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Sibusiso Dlamini
Sibusiso Dlamini

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Reassigning an Object parameter

Welcome back to my series, where I go over the little java quirks and obstacles that I encountered on my journey. In this installment I will discuss one of the concepts that I struggled to wrap my head around and that is: reassigning an parameter variables. I am referring specifically to reassigning object parameters because the concept of mutability only applies to non-primitive data types.

I'll begin by describing what I was trying to do and later on I will explain why it did not work.

The Problem 💢

There came a time where I decided it was a good idea to reassign an object inside of a method. I was trying to be clever and Java just did not want to play along. The method went something along the lines of...


public static void process(Contact[] arr) {

    Contact[] result;
    boolean condition;

    //traverse the array 
    int i = 0;
    for (String element: arr) {

        condition = someCriteria(element);

        if (condition) {

            result[i] = element; 
            i++;

        } // if

    } // loop

    arr = result;

} // remove method

public static void main(String[] args) {


    Contact[] mydata = readInContacts();
    process(mydata);
}

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At first glance, you may get the impression that this code is flawless, after all it was written by myself 😏. The program reads in text from a CSV file and creates contact objects from it. I then took that list of contact objects and made an array out of them. My aim was to create an impure method, process() , that filters out objects in an array that met some criteria. The intention was to create a new array of a different size and assign that new array to the parameter, thinking that it would make those changes to the original argument. When the code was run, it left the argument unchanged.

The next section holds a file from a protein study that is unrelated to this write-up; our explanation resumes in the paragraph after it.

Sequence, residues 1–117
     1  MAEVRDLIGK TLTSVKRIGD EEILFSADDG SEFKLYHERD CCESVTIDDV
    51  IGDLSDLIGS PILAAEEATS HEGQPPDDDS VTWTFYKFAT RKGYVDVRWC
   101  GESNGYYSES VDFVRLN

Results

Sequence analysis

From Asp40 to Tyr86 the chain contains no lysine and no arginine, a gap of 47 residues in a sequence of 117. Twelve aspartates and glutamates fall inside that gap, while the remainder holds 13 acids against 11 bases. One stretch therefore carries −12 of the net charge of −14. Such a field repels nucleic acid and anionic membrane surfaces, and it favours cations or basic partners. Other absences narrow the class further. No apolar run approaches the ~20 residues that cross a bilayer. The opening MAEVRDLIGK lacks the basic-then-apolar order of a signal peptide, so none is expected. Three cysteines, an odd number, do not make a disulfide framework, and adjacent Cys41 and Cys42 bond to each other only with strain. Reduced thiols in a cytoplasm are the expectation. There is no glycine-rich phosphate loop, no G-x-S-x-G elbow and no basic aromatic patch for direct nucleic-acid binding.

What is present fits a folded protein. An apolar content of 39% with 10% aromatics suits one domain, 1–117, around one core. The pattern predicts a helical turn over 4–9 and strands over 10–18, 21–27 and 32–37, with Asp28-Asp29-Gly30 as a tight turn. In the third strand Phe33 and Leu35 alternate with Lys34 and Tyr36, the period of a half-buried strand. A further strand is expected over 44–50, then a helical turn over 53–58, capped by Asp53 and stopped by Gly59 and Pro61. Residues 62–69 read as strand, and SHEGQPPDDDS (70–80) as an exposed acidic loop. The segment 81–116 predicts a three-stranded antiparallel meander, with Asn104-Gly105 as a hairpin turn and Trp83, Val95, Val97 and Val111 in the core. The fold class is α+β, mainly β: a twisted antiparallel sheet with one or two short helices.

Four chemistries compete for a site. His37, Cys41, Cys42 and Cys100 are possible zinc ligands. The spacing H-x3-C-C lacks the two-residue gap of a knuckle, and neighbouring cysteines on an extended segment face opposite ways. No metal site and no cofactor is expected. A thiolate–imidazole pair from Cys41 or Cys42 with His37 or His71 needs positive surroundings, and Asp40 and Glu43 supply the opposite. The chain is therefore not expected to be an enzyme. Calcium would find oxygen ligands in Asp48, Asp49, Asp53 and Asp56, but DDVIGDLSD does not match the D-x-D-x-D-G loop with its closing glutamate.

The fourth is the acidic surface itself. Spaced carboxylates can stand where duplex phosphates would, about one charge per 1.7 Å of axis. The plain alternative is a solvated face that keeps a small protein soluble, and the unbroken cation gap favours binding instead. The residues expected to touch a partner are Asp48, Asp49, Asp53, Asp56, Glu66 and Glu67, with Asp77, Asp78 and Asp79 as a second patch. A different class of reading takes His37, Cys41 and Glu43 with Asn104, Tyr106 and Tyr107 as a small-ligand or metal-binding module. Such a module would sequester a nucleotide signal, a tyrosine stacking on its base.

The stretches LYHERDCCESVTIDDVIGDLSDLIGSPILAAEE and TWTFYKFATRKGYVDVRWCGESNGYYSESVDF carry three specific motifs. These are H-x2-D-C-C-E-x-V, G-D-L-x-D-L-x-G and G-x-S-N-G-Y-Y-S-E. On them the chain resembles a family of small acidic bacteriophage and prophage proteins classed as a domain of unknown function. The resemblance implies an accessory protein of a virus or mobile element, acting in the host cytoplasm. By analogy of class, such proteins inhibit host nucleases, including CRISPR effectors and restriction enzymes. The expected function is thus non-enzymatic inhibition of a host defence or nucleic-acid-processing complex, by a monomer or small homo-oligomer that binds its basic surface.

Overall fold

You can try and find out what is wrong with it but I think its pointless unless you really have a thorough understanding of Java. The error is on the 3rd line of code from the bottom (arr = result). Let me explain, when you reassign a parameter variable, it does not make any changes to the argument variable. Java will not throw an error or tell you that what you are doing is illegal. You will just have to suffer there in silence, questioning logic and your ability to code altogether.

So just to be clear...


public static void modify(int[] args) {

    data args = new int[]

}

public static void main(String[] args) {

    int[] myarr = new int[] {1,2,3,4,5,6};


    modify(myarr);
    System.out.println(Arrays.toString(myarr)); // [1,2,3,4,5,6,7]

    myarr = new int[] {1,2,3}
    System.out.println(Arrays.toString(myarr)); // [1,2,3]
}

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The modify method will not make any changes to the myarr array because you cannot reassign an argument inside of a method.

Note: 📋 You may want to familiarise yourself with the concept of mutability before continuing. Knowing the difference between pure and impure methods should suffice.

Parameter vs Argument

I often hear the words argument and parameter used interchangeably even though they are not the same thing. To avoid confusion I'll define an argument, a parameter, and help you distinguish between them.

An argument is a variable, which usually holds a value of the variables data type, that you pass into a method. A parameter is an alias or copy of the argument, and if it is of a reference data type then we can use it to manipulate the argument inside the scope of a method that it was passed into.

Argument vs Parameter

If we call this greet method and pass in the argument name , like so greet(name), then we say name is the argument that was passed into the greet method. aName is what we call the parameter. Whenever greet is called with an argument, aName will take on the value of that argument. The argument and the parameter are separate entities. The parameter is a temporary alias of the argument that only exists inside the scope of the method that uses it.